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Sep 17, 2016 12:16 PM CST
|Today begins the cool, rainy season in my neck of the PNW. I've noticed that water tends to pool in the tops of my Agaves. I assume it will be there for the next six months. Is this a problem? I'm less worried about the bottoms as the soil is raised and drains well.|
This is Agave 'Ovatifolia'. I also have Parryi 'JC Raulston' and Parryi Truncata which seem to pool water as well. The first two are reputed to be cold and moisture tolerant, the Truncata maybe not so much.
I'd like to get by without building rain deflectors for these guys... but is that realistic?
Sep 17, 2016 3:50 PM CST
|That is not realistic, emphasis on NOT! Tolerance is not what they would require in your neck of the woods - full blown resistance is what they would require - imperviousness would probably better - not many Agaves (if any) fit that bill.|
Many Agaves take cold just fine, but only very few will take cold and wet for 6 months or longer at a time. A. parryi truncata will definitely croak if left wet and cold.
Ovatifolia - you might be OK - it is more of a high mountain species so does see cold and wet - but then again not 6 months in a row. I know they survive on the east coast where they get months of snow in a row, but I would still worry about just rain, rain and more rain.
So my advice: Move the plants under rain protection or move rain protection to them. If you have multiple plants of each you could experiment, but I would mentally prepare myself to loose the one exposed to the moisture.
Here in Arizona we have the opposite problem - which Agaves will take the full sun and >100F for months at a time - again you'd be surprised at how few actually pass that test, most still want some protection from that sun at least a good portion of the day, as several dried up husks in my front and back yard will attest.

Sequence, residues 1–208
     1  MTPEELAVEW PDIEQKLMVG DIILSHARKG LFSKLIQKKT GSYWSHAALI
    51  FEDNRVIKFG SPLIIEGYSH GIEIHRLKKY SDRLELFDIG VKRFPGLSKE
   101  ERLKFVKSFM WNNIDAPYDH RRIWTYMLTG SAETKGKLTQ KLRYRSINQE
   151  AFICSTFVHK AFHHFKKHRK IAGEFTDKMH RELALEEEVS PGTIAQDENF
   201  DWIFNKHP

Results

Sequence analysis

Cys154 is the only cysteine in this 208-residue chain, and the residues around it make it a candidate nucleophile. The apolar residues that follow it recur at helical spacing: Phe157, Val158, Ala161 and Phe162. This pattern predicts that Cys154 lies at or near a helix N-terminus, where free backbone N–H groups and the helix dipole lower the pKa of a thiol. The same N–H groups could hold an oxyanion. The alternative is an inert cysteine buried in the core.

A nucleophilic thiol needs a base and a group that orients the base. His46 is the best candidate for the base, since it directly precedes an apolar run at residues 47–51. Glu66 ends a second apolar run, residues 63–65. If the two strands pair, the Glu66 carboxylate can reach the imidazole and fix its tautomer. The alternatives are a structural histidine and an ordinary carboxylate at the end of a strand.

Sep 17, 2016 7:11 PM CST
|I brought my cacti inside today! Because it was all day rain. The weather is going to better later this week. You can being outside. I would cover with plastic. So it will into get over watered. I like growing indoors so I can keep an eye on the cacti health. I live in Gresham, Oregon ( East of Portland) good luck|
Sep 17, 2016 7:23 PM CST
|Yes, cold and wet is a no-no for succulents. I over winter my Agaves in a cold room. Extra bedrooms that have the heat turned off. They stay between 45-55 degrees, dormancy. Do not try to grow, do not need light nor water much. But I am in WI and perhaps you cannot attain such low temps there. Gene|
Sep 18, 2016 11:21 AM CST
|I hear alot of reservations here... and I pretty much agree. But I was mainly concerned with the water pooling on top of the plants around the central cone, I'm willing to risk the extended cold and wet soil conditions, although I'm sure it's a risk. I do not discount what is being said here.|
I purchased these Agaves from a local nursery whose owner told me that his entire Agave stock in pots remains outdoors unprotected all winter. I find that a little difficult to believe but I don't know what he would have to gain by lying about that. He told me the cultivars he carries will be OK as long as I had adequate drainage, which I do. But the water sitting on top gave me additional concern.
My Truncata did fine last winter but I had it in a pot and kept it next to the house, dry under the eve. Now it's out in the rain.
Whatever happens, I will report the results here next Spring.
I chose JC Raulston because of this local person (below) who says it comes through winter for her unscathed. She grows tons of Agaves outdoors in Portland with mixed results.
Sep 18, 2016 2:54 PM CST
|Can you plant them slightly tipped so the water has a better chance of draining away?|
Life is not a journey to the grave with the intention of arriving safely in a pretty and well preserved body, but rather to skid in broadside, thoroughly used up, totally worn out, and proclaiming...."WOW What a Ride!!" -Mark Frost
Oct 5, 2016 11:48 PM CST
|This article should be interesting for you Tim. @tcstoehr. |
As in the pictures throughout this article, I am seeing Desert plants in Washington yards more and more. I see the garden in Freemont, Washington, a few times a year. It looks great.
I totally understand wanting to try this, and we are not alone. There are a lot of articles to be found on succulents in the landscape in the Northwest, lately.
How fun would it be to chop down the Rhodies, and azaleas and replace them with Huge Agave!!!
Oct 6, 2016 4:44 PM CST
|That's an interesting link. I found this one very informative. The UK climate and Western Oregon are comparable.|
Oct 9, 2016 9:38 AM CST
|I think your biggest problem will be wet from below, not water sitting on the plants. It doesn't appear so, but their leaves are arranged in such a manner that water will efficiently drain from them through tiny channels. Even if some water might somehow lodge there for a while, Agave leaves have a waxy cuticle which will protect them from pooling water.|
Orienting the plants to help water drain away will only work for one wet season, as they will slowly turn to face the light as they grow.